I’ve been abroad the last couple of weeks, taking advantage of a Visiting Scholar position at the American Academy in Rome to finish acquiring and producing illustrations for the forthcoming Nervi book–more or less officially titled Beauty’s Rigor: Patterns of Production in the Work of Pier Luigi Nervi. I have a crack team of graduate students back home who are turning out the more interesting stuff–sequential images of components being fabricated and placed that really help to explain how these structures are all based on algorithmic methods as much as they are on structural principles. (We’re calling them IKEA drawings…) I’ve finalized the archival images with MAXXI, and this has given me time to sit in the Sid Bass studio up on the Academy’s fourth floor and just draw. It’s not quite a Prix du Rome experience–all Illustrator instead of 18 shades of india ink and giant easels–but this is still an inspiring place.
Today’s completed effort above in low-res. This is the Kursaal Restaurant in Ostia, one of my favorite excursions on an early reconnaissance trip in 2012. It’s a tiny seaside pavilion that’s part of a beach resort, and it’s a total gem. Nervi worked with Roman architect Attilio Lapadula on the design in 1950, which features a reverse dome tiled in his famous tavelloni. The roof is supported on a concrete stalk–and little else. A ring of columns and (originally) steel mullions did the work of balancing wind loads on the roof, which is an unusual sleight-of-hand for an engineer known for his adherence to “structural truth.”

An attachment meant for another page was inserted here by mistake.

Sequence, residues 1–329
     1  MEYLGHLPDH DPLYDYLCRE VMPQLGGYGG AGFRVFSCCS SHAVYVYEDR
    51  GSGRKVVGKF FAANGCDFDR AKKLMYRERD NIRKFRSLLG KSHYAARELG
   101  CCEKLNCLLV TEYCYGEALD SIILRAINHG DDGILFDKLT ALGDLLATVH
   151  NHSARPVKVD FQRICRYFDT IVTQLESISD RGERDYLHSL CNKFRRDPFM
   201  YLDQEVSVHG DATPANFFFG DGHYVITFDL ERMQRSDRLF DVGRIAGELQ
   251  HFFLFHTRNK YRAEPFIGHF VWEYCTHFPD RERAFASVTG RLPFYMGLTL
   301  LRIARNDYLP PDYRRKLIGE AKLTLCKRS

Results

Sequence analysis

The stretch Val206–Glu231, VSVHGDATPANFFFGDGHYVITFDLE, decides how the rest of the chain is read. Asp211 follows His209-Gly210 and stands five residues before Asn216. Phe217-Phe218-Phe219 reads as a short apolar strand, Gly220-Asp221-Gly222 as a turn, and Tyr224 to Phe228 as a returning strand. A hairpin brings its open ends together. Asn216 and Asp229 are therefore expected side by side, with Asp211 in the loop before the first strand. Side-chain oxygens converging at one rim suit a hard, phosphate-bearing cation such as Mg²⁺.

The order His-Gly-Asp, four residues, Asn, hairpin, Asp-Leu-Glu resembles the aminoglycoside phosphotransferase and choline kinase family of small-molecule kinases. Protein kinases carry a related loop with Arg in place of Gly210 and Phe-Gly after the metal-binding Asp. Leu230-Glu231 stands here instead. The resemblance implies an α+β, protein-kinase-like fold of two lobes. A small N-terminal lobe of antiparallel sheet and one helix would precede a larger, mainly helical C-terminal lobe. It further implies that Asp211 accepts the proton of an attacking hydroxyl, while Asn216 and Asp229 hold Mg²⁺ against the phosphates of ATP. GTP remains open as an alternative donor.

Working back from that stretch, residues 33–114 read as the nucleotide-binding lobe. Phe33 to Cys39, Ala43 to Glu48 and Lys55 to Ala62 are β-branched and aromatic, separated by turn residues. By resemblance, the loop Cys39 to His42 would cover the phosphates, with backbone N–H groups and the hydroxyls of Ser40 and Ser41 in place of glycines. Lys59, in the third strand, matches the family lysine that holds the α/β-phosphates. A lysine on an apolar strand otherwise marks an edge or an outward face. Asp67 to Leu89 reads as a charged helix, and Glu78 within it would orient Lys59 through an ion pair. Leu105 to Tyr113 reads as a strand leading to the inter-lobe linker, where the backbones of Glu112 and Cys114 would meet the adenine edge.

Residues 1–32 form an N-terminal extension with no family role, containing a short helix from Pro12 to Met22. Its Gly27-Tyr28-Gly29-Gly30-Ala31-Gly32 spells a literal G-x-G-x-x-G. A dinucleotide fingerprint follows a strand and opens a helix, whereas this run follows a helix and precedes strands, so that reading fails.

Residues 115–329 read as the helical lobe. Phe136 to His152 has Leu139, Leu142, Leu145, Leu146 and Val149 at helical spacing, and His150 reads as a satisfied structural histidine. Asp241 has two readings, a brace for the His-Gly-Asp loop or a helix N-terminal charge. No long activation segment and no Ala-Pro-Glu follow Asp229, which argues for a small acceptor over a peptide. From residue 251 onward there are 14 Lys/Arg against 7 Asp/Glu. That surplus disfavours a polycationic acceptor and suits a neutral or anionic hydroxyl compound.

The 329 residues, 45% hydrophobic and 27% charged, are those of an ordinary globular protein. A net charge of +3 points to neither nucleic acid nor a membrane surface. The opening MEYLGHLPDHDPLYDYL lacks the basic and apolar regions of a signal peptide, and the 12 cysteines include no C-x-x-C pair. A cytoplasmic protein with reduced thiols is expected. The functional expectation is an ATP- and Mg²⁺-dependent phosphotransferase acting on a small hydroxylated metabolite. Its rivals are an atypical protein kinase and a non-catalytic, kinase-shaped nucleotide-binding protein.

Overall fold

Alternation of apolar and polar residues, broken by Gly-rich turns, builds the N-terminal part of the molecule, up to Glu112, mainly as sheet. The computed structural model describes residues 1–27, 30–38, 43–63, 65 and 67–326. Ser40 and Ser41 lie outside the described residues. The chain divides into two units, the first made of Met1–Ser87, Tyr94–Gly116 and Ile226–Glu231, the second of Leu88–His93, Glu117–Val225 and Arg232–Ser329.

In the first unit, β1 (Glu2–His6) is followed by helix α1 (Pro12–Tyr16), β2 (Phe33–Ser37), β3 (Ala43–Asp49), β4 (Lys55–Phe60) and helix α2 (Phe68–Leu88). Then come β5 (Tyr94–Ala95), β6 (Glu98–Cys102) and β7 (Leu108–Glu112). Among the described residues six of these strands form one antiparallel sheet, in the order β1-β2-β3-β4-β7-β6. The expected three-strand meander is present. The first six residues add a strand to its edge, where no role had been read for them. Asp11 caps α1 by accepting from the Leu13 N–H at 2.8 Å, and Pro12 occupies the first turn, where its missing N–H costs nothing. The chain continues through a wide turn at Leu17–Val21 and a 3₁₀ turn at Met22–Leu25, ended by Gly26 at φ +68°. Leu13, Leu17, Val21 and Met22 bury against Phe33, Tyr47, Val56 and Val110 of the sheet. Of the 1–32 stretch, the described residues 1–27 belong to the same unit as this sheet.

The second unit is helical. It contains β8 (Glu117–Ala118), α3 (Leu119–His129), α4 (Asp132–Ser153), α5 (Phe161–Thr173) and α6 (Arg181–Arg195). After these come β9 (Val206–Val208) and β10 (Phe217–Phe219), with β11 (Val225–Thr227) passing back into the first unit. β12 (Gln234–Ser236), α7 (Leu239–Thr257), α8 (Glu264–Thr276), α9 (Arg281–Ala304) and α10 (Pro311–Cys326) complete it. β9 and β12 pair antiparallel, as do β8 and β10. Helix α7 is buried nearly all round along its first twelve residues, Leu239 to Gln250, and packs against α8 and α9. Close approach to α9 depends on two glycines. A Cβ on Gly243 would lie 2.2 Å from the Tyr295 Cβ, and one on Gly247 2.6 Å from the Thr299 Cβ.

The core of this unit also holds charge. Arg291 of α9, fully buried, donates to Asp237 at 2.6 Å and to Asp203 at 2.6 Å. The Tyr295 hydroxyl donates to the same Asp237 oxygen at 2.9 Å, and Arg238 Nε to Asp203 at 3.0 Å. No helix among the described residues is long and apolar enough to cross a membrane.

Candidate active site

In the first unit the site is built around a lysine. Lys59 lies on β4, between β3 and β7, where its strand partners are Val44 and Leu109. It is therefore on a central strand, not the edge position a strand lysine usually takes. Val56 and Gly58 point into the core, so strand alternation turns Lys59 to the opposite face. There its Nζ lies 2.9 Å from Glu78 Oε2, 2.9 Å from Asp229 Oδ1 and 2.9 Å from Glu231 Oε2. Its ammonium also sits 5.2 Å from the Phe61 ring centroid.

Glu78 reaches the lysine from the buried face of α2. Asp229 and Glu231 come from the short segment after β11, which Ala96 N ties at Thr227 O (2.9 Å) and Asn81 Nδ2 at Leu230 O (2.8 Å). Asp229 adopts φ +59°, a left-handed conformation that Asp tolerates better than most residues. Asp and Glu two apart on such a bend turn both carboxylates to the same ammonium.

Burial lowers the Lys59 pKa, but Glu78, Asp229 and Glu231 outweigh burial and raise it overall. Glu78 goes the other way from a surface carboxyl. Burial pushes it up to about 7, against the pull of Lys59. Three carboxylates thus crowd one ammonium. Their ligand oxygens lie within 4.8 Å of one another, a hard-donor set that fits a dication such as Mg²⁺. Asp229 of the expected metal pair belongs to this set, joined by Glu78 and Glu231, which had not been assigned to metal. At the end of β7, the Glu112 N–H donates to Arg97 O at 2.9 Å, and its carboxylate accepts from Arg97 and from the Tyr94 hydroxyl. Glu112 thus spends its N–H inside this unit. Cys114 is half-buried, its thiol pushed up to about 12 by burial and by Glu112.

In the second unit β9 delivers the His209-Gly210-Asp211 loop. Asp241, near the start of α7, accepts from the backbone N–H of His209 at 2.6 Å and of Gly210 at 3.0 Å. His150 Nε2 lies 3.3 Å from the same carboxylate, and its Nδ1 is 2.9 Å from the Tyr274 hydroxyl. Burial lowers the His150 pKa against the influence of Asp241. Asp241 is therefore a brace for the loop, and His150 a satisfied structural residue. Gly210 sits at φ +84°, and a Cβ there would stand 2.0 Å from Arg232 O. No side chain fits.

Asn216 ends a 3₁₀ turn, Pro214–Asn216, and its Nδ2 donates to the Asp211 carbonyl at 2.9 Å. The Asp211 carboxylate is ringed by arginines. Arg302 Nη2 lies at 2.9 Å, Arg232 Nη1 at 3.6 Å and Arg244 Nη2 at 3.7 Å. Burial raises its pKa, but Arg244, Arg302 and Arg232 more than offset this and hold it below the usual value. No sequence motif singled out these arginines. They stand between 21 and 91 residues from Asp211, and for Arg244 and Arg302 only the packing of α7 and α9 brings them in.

Whatever. It’s beautiful, and it plays with expectations of structure while flooding the room with daylight from the horizon and from a large cantilevered eyebrow and light shelf. Fun to spend some time drawing through it and tracing Pier Luigi’s lines through the ceiling.
October 22, 2015 § Leave a comment
Some recreational architectural viewing after Tuesday’s lecture…brunch at the Menil, you know, the sort of thing you get to do when the amazing Donna Kacmar is your host. Houston is secretly one of my favorite cities, in part because it’s downtown is really the raw id of American urbanism–lassez faire raised to mega-skyscraper height–but also because of the pockets of amazingly urbane neighborhoods and some of the finest cultural institutions in North America clustered just outside of its steroidal central business district.